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History Majors in the Job Market

Two Ways to Think About the Career Prospects of a History Major

A graduating history major possesses a vast number of career options. Many of these options, moreover, do not have any obvious or direct connection to the subject matter of history itself; rather, they involve lines of work that make use of the broader underlying skills and habits of mind that the Vanderbilt history curriculum helps to cultivate and hone.

Thus, there are two basic ways to think about the career prospects of a history major: the narrow and the wide. Both are equally valid, but they differ considerably in their assumptions and practical consequences.

The narrow conception is defined by the assumption that, in one’s job, one will somehow be directly applying the knowledge learned in one’s history classes. This assumption leads one to consider primarily those lines of work that bear a fairly close connection with history as an academic field: teaching, museum work, historic preservation, archival, or library work.

The wide conception, by contrast, places less emphasis on the content of the history curriculum, and focuses instead on the underlying sets of analytical and verbal skills that one acquires in the process of studying history. Critical reading and reflection, synthesizing and organizing large amounts of information in preparation for exams, writing and revising research papers and essays, sharpening one’s ideas in class discussion with professors and fellow students—these form the basis for a much broader and more general conception of what one has to offer prospective employers in the job market.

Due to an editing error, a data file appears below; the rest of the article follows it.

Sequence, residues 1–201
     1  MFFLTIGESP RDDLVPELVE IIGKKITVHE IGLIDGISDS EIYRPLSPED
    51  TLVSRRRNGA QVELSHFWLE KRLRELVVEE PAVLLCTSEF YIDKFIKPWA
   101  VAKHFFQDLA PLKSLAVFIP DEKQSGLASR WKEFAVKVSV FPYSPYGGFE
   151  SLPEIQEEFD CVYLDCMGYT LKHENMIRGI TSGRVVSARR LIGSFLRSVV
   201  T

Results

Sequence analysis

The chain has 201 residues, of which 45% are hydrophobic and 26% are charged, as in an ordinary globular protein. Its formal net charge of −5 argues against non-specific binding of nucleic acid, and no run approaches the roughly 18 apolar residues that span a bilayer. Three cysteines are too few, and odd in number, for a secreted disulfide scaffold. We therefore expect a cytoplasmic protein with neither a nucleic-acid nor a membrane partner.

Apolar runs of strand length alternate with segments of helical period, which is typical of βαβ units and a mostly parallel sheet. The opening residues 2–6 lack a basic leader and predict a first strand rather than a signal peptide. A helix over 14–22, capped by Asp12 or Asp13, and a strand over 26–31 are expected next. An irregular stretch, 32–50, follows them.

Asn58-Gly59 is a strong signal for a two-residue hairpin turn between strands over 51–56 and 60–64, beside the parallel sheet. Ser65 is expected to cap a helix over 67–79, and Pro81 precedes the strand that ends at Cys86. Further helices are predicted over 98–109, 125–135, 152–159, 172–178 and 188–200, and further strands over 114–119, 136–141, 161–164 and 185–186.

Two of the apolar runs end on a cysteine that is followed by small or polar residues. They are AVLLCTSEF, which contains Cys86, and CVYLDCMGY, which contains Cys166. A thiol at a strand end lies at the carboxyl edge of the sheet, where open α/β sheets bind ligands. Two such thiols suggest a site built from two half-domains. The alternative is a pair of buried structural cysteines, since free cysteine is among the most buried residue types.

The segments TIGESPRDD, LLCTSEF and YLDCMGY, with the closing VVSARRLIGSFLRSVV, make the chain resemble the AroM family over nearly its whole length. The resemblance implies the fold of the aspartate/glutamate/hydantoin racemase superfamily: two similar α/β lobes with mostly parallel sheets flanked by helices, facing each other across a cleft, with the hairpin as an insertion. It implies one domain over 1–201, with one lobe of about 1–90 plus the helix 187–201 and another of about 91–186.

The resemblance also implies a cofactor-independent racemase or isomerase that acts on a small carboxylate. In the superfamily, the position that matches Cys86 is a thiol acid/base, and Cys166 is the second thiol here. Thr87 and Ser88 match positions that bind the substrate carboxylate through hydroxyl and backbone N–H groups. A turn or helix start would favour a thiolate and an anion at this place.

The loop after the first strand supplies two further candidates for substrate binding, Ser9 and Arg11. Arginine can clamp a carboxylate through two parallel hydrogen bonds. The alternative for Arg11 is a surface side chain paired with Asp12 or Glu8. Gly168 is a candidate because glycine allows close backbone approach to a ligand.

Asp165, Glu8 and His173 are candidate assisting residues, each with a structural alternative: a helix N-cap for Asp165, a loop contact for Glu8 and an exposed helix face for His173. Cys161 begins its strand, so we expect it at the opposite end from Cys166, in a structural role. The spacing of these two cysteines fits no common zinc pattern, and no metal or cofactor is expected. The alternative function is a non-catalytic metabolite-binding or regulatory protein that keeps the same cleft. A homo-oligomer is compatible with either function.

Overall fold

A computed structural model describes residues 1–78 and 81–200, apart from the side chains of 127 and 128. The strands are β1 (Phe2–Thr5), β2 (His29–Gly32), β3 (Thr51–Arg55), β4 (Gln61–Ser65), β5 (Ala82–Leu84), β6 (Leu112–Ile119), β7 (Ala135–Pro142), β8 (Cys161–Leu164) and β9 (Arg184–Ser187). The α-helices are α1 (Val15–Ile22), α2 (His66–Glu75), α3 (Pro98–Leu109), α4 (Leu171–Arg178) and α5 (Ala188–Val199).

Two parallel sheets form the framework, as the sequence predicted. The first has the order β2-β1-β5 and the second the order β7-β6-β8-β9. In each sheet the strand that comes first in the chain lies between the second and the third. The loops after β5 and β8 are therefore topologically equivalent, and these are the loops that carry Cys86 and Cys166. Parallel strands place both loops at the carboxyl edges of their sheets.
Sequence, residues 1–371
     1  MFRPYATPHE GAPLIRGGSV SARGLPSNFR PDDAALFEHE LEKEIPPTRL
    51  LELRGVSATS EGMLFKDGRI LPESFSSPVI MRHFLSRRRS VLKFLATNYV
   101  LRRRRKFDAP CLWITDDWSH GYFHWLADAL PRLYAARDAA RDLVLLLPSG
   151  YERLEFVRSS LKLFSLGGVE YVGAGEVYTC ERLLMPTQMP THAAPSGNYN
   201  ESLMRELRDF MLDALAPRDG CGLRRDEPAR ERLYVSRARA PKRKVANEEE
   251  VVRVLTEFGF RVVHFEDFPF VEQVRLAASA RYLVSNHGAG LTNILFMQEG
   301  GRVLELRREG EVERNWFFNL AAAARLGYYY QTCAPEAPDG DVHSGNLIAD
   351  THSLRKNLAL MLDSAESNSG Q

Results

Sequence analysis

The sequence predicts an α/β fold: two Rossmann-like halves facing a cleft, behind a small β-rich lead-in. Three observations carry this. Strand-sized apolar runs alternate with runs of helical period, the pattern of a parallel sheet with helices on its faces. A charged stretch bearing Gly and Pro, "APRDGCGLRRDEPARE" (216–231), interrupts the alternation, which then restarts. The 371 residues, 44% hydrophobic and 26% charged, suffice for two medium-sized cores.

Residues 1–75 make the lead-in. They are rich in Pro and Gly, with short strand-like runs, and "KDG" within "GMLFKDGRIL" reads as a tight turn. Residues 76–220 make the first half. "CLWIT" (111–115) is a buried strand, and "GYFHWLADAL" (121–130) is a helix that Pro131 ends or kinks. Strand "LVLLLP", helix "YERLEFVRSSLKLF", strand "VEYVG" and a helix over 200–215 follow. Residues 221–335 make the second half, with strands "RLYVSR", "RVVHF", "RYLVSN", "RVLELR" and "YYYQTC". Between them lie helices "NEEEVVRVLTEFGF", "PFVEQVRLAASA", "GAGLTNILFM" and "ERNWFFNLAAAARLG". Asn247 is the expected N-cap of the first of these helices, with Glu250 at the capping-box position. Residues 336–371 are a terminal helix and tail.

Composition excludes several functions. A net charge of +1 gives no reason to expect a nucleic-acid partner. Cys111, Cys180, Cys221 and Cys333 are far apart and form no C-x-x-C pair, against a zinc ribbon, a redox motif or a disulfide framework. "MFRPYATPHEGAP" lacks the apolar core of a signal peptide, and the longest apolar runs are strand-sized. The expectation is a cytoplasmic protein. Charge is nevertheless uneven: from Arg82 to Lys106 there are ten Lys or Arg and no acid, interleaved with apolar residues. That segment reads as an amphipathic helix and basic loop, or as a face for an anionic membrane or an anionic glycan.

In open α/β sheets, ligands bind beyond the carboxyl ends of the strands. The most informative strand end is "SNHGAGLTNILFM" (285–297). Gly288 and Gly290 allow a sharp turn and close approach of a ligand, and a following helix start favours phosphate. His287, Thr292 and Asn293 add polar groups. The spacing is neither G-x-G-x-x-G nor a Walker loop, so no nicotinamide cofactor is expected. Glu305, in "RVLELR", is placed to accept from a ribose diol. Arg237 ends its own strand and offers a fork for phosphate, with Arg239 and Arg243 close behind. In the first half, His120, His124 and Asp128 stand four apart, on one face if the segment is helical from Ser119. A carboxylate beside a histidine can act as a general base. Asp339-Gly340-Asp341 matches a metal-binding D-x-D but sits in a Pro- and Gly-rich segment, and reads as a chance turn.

The history major gives you key “foundation skills” that place you at a tremendous competitive advantage in the practice of almost any career. In a world in which many of us will have to change lines of work many times during our lives, the flexibility afforded by these foundation skills becomes all the more precious. In a professional environment characterized by rapidly evolving challenges and demands, following upon continual shifts in the nature of the global marketplace, most employers will not be seeking highly-specialized experts in narrowly-defined subjects, but rather well-rounded individuals who can think for themselves, adapt to new demands, recognize new opportunities, and chart their own paths into unfamiliar territory. These, according to our alumni, are precisely the habits of mind that the history department excels at cultivating in its majors.

Resources for Further Inquiry


Books and Pamphlets

  • Julie DeGalan and Stephen E. Lambert, Great Jobs for History Majors (McGraw-Hill, 2001).
  • Barbara J. Howe, Careers for Students of History (American Historical Association, 1989).
  • Career Choices for Students of History (available on